skip to main content


"Strip, Strip Hooray!" - Supreme Court Settles Chapter 7 Lien-Stripping Debate

June 12, 2015

Twenty-three years after initially visiting the issue, the United States Supreme Court has recently settled what some would call “the single most important unresolved issue in consumer bankruptcy”[1]––whether Chapter 7 permits a debtor to “strip off” a wholly unsecured junior lien.  The issue is whether the Bankruptcy Code allows Chapter 7 debtors to obtain an order from the Bankruptcy Court removing a lien from their property when that property is worth less than the debt secured by senior liens.   After the collapse in real estate prices, the ability to obtain such relief became a major issue as Chapter 7 debtors sought to have junior mortgages removed from their homes because the value of those homes had fallen below the amount owed on their first mortgages.  In the absence of such relief, these junior liens would continue to exist on the debtors’ homes even if such debtors received a bankruptcy discharge of their personal liability on the underlying debt.  However, the Supreme Court recently handed a victory to mortgagees nationally by unanimously holding that Chapter 7 debtors cannot use the Bankruptcy Code to remove wholly unsecured junior liens; and that such liens will pass through bankruptcy unaffected.[2]

To illustrate, suppose that Debtor grants Creditor 1 a mortgage on his home to secure a $100,000 loan (the “Senior Lien”). Three years later, Debtor grants Creditor 2 an additional mortgage on his home to secure another loan for $25,000 (the “Junior Lien”). Debtor subsequently defaults on his obligations under both loans. Creditor 1 commences a foreclosure action when $95,000 is still owed on the first loan. Subsequently, Debtor files a petition for relief under Chapter 7 of the Bankruptcy Code, which temporarily stays the foreclosure proceedings. In the bankruptcy case, it is determined that the Debtor’s mortgaged property has a fair market value of $80,000, meaning Creditor 1’s claim will only be secured to the $80,000 value of the mortgaged premises (with the remaining $15,000 obligation being categorized as an unsecured claim) and Creditor 2’s claim will be considered unsecured in its entirety.  Does the Bankruptcy Code enable Debtor to void the unsecured portions of the Senior and Junior liens?  The United States Supreme Court says no.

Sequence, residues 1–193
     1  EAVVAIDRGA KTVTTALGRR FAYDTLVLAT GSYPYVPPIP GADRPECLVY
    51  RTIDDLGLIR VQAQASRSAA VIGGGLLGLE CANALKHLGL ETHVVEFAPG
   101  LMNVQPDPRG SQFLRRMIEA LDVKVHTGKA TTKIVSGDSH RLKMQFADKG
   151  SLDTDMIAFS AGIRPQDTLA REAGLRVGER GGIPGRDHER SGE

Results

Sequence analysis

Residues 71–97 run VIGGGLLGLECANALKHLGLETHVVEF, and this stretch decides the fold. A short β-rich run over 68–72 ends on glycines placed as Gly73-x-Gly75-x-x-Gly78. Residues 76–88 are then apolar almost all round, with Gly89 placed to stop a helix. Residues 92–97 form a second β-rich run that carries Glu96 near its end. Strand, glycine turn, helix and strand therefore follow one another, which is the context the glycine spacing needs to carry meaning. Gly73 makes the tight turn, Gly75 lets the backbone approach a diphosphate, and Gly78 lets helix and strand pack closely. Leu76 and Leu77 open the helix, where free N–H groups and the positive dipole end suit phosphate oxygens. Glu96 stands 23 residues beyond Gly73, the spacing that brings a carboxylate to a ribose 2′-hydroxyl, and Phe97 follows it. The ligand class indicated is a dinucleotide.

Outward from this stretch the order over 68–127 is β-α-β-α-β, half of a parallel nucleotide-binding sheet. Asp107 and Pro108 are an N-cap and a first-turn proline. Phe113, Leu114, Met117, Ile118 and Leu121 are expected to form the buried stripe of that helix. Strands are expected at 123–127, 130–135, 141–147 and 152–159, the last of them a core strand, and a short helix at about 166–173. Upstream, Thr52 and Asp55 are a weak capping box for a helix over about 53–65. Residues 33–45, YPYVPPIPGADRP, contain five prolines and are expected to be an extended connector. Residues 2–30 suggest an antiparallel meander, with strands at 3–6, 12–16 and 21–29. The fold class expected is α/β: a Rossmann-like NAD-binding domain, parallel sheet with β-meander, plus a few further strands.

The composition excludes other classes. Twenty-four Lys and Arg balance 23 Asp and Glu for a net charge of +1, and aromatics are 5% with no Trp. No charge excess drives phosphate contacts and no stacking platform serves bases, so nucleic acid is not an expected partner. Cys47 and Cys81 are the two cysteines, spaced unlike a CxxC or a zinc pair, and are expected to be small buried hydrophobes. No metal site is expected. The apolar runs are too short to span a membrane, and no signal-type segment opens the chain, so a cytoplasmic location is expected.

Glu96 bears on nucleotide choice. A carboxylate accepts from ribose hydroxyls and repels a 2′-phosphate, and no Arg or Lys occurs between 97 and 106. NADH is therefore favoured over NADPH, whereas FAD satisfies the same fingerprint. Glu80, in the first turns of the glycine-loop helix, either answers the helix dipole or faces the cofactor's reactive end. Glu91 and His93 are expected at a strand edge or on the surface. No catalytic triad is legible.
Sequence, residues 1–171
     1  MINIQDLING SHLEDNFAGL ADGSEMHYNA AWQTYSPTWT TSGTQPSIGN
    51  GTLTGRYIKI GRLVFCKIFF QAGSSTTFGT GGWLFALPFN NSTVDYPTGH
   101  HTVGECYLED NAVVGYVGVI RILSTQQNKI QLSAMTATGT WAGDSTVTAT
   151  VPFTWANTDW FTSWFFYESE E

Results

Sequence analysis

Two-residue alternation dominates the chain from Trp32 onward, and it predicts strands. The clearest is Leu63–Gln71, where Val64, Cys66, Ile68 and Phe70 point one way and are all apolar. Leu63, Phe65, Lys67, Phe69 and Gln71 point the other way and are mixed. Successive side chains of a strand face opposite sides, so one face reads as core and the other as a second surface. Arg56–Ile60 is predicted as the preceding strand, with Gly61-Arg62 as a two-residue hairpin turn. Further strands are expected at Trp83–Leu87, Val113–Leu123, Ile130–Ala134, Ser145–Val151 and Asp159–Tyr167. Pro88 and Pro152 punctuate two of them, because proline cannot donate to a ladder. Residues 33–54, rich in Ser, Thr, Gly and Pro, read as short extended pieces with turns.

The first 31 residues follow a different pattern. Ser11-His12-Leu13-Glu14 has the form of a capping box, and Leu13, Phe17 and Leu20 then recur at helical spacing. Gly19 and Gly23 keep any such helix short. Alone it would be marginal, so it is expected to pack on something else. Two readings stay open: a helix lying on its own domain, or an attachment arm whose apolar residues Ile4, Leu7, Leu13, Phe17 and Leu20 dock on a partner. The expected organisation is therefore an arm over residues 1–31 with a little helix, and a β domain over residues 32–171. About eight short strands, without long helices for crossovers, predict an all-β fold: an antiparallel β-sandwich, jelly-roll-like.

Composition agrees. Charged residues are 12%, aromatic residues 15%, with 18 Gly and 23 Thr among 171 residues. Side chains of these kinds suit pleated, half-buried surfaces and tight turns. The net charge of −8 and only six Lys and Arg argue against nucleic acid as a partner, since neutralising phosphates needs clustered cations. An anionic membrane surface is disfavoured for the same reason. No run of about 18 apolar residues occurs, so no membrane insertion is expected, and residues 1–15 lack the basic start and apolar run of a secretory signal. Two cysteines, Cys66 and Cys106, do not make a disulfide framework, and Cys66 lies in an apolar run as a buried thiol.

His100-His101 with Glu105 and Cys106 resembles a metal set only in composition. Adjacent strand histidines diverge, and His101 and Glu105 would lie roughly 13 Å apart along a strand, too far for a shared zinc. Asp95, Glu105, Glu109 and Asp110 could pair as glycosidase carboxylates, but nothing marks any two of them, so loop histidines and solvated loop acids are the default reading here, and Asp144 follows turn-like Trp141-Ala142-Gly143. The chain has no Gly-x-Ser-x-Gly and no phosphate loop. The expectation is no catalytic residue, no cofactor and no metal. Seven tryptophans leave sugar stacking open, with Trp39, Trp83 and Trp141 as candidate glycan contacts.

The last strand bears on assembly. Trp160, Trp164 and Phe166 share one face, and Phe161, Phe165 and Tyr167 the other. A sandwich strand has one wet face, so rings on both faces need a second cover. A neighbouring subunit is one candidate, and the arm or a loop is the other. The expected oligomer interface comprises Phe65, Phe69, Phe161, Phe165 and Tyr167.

A. The Partially Unsecured Senior Lien

In the 1992 decision of Dewsnup v. Timm, the United States Supreme Court addressed the situation of partially secured liens, like the Senior Lien in the above example.  In Dewsnup, Timm extended a line of credit to the Dewsnups secured by a lien on two parcels of land.  Upon defaulting on their note obligation, the Dewsnups filed for relief under Chapter 7 of the Bankruptcy Code, triggering the automatic stay protection of the Bankruptcy Code.

During the bankruptcy proceedings, relying on §§506(a) and 506(d) of the Bankruptcy Code, the Dewsnups argued––as a matter of statutory construction––that to the extent their mortgaged debt exceeded the court-determined fair market value of the collateral, the excess amount is unsecured and the lien should be “stripped down,” resulting in a reduction in the amount of the secured claim. The Dewsnups were effectively asking the court to void the lien to the extent Timm's secured claim exceeded the court-determined value of the collateral.